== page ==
Here’s why Ford will build the Google self-driving car next year

It will happen, if their history of partnership is any clue.

Google self-driving car prototype

Rumors are circulating that Ford may build the Google autonomous car.

As Automotive News reported today, the official announcement could come in two weeks at CES in Las Vegas. An unnamed source said the negotiations are almost finalized.

Just a few weeks ago, Tesla made headlines when they released a software patch that lets you go hands-free and feet-free in a Model S sedan. While it’s a milestone in engineering and the first time a car has been able to drive at highway speeds for long periods of time unassisted, only Google seems to have the engineering chops to make a car drive on its own in downtown traffic, controlling speed, steering, and braking without human intervention. (Volvo certainly comes close.)

The reason it makes so much sense for Ford to partner with Google is that they’ve been doing that for years. You can already send Google Maps directions to the navigation system in your Ford Escape, for example, or use Android Auto. Way back in 2011, Ford announced they were working with Google on predictive analytics in the car. It was a way to find out if it was better for fuel economy to take a different route based on traffic conditions, among other things.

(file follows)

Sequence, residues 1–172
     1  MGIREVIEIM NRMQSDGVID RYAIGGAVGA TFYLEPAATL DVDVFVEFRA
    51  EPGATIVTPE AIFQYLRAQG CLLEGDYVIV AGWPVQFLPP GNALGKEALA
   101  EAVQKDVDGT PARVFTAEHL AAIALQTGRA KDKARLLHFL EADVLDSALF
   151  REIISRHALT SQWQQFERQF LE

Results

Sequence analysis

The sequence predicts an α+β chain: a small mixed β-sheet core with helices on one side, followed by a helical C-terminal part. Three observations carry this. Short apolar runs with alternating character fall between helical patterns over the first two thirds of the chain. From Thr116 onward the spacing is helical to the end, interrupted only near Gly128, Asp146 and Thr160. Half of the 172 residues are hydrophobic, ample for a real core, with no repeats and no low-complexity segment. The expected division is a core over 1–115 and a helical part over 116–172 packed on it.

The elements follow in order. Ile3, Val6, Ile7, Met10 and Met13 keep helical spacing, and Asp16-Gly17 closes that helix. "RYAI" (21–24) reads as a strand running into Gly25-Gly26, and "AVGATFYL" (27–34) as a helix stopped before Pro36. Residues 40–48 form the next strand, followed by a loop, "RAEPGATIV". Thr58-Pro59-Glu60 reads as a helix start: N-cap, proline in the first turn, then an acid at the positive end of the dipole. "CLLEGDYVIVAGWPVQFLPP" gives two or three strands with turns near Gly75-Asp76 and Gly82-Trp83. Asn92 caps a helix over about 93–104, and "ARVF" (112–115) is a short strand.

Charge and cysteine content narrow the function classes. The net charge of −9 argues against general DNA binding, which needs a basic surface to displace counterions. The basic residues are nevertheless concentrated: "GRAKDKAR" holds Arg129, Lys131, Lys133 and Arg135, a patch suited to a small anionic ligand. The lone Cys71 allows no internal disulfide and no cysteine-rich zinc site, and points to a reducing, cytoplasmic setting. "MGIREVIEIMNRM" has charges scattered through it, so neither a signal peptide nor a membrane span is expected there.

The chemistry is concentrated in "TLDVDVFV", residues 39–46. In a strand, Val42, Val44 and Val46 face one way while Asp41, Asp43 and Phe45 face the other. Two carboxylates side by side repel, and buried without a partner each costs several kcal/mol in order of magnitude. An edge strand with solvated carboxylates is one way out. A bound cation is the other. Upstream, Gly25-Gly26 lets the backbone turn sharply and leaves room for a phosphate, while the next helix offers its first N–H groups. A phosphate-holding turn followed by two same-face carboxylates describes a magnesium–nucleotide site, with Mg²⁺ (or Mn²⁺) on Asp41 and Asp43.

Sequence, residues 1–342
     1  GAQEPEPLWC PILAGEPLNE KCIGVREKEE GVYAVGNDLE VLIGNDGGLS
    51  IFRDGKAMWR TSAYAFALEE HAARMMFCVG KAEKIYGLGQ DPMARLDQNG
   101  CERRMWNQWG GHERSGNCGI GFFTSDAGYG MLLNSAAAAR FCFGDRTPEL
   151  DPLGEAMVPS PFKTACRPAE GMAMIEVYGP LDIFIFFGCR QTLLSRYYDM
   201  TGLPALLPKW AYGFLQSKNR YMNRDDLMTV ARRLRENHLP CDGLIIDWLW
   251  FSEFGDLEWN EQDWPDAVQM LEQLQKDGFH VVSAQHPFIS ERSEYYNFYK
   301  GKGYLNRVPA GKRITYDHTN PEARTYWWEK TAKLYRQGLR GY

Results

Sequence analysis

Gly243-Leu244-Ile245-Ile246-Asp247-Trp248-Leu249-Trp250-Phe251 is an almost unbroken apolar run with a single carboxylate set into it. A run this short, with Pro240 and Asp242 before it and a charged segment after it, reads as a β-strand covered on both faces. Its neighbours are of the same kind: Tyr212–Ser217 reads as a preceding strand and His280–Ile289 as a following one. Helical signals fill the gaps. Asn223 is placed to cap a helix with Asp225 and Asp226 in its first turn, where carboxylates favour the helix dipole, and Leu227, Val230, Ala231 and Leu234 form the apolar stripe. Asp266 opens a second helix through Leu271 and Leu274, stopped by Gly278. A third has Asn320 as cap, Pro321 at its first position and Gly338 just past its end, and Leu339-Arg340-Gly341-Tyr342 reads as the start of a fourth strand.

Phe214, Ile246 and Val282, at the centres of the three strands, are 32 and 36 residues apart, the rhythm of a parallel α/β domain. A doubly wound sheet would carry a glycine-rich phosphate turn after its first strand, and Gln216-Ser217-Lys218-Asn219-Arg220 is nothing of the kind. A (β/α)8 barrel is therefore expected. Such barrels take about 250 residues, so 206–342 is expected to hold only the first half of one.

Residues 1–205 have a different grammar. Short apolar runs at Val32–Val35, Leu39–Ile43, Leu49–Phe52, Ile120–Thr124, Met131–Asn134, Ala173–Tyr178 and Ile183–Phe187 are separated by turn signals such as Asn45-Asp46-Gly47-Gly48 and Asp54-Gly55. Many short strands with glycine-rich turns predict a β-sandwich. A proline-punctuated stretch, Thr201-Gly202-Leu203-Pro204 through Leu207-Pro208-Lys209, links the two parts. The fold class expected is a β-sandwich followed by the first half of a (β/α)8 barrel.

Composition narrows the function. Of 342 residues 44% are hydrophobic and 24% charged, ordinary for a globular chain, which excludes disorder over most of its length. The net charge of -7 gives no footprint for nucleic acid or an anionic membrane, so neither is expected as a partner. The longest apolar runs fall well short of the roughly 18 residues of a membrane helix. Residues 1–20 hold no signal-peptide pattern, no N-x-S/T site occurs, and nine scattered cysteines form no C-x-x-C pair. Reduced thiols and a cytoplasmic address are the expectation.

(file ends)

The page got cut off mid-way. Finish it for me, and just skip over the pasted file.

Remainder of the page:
As reported, it’s a bit of a no brainer. Former CEO of Ford Alan Mulally already sits on the Google board and Ford opened an innovation lab in Silicon Valley earlier this year. My guess is that the lab was partly a way to be “closer to the action” and make some inroads (no pun intended) at Google, develop partnerships and just get their fingers in the pie.

But next year? Is that even possible? My view is that Tesla paved the way (literally, and also as an insurance and legal precedence) for the fully autonomous car, one that can understand traffic conditions. Self-driving car technology is all about the algorithms; it's basically a math problem. There are thousands of calculations related to speed, steering, and even the angle of the car on the road. And, there are thousands of scenarios. As the truck ahead of you swerves to avoid a pylon in the road, should your car move to the left or to the right? Should it speed up or slow down? If the car brakes, will that be more dangerous or less dangerous?

The good news is that, despite what other automakers like Toyota say about the human driver being in control at all times, a computer is much better at using on-board sensors to scan in all directions at once and avoid problems. I’ve driven just about every modern car equipped with sensors to help with automated driving, and it feels a bit like having a shield that protects you.

Granted, no computer could ever assess every situation perfectly. But then again, humans can’t do that, either. I’d rather have the car avoid an accident I don’t see.

The one major detriment to making this a reality next year is called YouTube. The videos of Tesla drivers not paying attention as they drive are downright frightening. There’s a lot of excitement about the tech, but all it will take is one video showing a Model S crashing when the driver isn’t paying attention to push this tech back into the dark ages. Let's just hope that doesn't happen before the Ford-Google car exists.

Copyright © 2015 IDG Communications, Inc.

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